8. We propose deletion of the entire Section 22 of Chapter Two of the Bill, in consistence with our foregoing recommendation that the Act should only obligate the state and local government authorities, and the budget-sector persons. Media transparency should be ensured through a separate Act.

9. It is absolutely essential that a new chapter be included in the Bill, titled 'Limitations to the Right of Access to Information', allowing for a clear-cut distinction to be drawn among accessible and classified information. A fundamental principle of this type of legislation in the countries where it is enforced, would read close to the following: 'All information is accessible except for such, as is subject to limitations explicitly enumerated by the Act.' The general principles followed in respect of limitations are:

· First principle:
Limitations should be explicitly prescribed by the Act.
1. Each limitation imposed on expression or information should be prescribed by the Act. The Act should be accessible, unambiguous, rendered in specific and precise language, so as to enable the individuals to determine the legitimacy of a given action in advance.
2. The Act should provide efficient controls against misuse, including an immediate, full and effective judical review of the limitations by an independent court.
· Second principle:
Every limitation protects a legitimate interest.
· Third principle:
Every limitation arises from an existing need in the democratic society.
Based on the above comments, we recommend:
A) Inclusion in the Bill of a new chapter (following the logical structure of the text its place is right before Chapter Three of the existing Bill), titled 'Limitations to the Right of Access to Informaiton'.
B) The above-quoted principle should feature as a concrete provision, and the wording should read:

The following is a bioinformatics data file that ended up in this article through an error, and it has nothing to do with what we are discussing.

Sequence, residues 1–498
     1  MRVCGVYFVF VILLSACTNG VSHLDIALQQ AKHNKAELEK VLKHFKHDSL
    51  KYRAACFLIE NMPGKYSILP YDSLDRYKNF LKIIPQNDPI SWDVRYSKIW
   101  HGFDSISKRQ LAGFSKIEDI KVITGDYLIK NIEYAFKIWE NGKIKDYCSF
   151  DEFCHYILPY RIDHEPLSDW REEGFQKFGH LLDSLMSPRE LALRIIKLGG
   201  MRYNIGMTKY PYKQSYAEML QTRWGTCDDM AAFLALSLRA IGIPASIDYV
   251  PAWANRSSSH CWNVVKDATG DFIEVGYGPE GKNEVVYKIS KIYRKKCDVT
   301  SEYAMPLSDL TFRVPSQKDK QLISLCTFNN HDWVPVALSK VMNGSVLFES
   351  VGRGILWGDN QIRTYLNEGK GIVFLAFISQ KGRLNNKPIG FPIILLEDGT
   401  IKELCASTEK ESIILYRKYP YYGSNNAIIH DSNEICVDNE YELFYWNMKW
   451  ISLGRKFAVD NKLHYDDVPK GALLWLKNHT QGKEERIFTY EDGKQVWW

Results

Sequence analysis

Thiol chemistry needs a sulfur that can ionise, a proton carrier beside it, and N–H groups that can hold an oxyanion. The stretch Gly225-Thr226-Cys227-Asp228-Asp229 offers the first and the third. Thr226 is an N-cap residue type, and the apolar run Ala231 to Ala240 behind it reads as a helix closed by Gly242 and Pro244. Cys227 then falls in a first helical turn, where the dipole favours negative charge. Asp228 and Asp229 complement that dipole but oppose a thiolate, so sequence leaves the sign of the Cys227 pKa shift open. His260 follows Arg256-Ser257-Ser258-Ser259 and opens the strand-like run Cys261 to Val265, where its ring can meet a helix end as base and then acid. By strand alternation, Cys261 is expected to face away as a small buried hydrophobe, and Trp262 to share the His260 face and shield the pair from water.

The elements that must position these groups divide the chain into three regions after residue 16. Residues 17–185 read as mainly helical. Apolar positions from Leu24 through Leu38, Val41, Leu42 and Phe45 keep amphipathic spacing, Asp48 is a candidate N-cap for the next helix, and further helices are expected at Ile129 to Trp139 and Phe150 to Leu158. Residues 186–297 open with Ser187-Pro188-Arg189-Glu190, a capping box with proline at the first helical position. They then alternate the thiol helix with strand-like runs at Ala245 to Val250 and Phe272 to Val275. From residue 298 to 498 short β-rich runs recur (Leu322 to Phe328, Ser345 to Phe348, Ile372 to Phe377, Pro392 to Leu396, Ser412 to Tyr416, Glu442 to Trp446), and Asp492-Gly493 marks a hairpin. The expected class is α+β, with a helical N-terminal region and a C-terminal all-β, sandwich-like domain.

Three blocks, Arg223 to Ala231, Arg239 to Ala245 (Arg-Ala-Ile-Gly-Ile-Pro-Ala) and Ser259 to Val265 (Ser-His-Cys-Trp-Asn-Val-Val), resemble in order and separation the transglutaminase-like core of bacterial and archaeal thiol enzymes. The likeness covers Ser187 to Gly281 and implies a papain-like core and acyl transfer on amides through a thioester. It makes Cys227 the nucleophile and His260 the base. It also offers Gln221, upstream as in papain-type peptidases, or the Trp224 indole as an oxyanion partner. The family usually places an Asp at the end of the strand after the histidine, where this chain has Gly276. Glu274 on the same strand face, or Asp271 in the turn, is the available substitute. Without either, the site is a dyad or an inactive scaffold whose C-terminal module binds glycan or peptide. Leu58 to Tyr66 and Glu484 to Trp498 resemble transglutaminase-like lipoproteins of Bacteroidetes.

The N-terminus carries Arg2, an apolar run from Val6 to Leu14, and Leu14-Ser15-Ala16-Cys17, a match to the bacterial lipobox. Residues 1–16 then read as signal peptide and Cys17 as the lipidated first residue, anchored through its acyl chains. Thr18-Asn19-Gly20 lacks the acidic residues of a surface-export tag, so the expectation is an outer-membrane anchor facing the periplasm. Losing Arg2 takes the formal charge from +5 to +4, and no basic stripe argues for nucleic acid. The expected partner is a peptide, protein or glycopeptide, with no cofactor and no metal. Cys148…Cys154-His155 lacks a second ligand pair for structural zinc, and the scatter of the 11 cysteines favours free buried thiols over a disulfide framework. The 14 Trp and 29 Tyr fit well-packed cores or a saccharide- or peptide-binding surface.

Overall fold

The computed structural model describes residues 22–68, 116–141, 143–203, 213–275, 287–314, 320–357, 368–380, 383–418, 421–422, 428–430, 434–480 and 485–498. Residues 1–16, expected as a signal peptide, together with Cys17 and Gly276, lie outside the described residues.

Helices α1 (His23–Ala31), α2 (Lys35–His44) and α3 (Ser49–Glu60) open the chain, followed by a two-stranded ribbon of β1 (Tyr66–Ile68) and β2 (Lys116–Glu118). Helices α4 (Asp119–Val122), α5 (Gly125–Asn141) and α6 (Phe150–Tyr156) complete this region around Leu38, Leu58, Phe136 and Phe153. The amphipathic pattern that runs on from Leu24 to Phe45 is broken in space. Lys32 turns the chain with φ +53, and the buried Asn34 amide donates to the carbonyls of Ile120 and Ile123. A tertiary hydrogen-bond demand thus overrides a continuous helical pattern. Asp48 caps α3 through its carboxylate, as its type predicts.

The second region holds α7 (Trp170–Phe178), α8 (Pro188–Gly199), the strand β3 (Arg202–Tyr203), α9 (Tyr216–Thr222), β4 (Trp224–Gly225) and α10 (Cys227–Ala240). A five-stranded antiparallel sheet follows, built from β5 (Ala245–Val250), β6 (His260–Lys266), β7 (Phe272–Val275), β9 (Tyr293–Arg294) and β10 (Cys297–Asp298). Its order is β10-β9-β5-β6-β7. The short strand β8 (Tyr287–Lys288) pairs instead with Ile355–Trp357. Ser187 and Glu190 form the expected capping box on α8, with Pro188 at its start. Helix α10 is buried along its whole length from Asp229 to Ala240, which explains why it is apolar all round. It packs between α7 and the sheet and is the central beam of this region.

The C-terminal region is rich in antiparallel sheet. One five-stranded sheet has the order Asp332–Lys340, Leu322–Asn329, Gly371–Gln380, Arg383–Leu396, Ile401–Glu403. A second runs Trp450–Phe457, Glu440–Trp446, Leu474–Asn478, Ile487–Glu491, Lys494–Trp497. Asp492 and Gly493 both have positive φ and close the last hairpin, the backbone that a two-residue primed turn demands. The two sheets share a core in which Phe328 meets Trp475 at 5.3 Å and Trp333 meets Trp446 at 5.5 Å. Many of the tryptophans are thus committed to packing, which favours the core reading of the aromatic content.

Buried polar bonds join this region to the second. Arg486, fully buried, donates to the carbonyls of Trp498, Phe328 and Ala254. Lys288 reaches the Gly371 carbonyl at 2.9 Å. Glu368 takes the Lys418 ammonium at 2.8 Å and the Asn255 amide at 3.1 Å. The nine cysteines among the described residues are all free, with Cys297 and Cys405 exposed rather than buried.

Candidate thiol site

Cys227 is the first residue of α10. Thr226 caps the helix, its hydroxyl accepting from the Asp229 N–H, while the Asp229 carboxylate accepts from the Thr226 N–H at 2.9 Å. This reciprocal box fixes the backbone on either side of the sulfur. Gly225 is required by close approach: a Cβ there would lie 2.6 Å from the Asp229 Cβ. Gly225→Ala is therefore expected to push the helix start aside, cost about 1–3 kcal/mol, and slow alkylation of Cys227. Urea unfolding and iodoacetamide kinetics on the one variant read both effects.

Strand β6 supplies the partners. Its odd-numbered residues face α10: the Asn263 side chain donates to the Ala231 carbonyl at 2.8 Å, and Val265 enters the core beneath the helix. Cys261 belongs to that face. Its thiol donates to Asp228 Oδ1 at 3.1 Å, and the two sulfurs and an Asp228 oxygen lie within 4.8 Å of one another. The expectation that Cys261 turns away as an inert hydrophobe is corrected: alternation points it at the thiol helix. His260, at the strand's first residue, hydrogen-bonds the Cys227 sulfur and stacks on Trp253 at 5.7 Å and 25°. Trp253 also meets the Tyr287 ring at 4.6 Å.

'Access to all records held by the persons obligated under this Act shall be free, except for the cases, explicitly enumerated in this Act.'
C) We recommend that legislators draw an exhaustive list of what protected interests are and what institutes would ensure their protection. We propose the following wording (whilst the list of protected interests under this Act could be extended to include new items, there should be effective controls against other legislation doing this):

'Access to records kept by persons obligated under this Act shall be restricted wherever such records contain information, affecting the interests of:
1. the national security
2. the personal life of the citizens
3. ………………………………'

'Protection of the above-listed interests shall be ensured as follows:
1. the interests of the national security - by means of the state secret institute
2. the interests of the personal life of citizens - by means of the personal secret.
3. ……………………..'

D) The specific data that would constitute state, personal or another secret protected under the Access to Information Act and the procedure for classifying such data should in our opinion be covered by the Protected Information Act and the Protection of Personal Data Act.

10. In respect of court control we propose that Article 42 (2) be reworded as follows:

'For the cases under (1) access to the requested records shall be granted on the grounds of a court decision.'

11.Still focusing on court control we propose a new text as would enable the court to objectively assess the refusal of the administration to disclose information for its legitimacy.

'Where the court has found a refusal to be legitimate, such court shall be entitled to access to all of the records, access to which has been refused to the claimant.'


English Version • Last Update: 05.01.2002 • © 1999 Copyright by Interia & AIP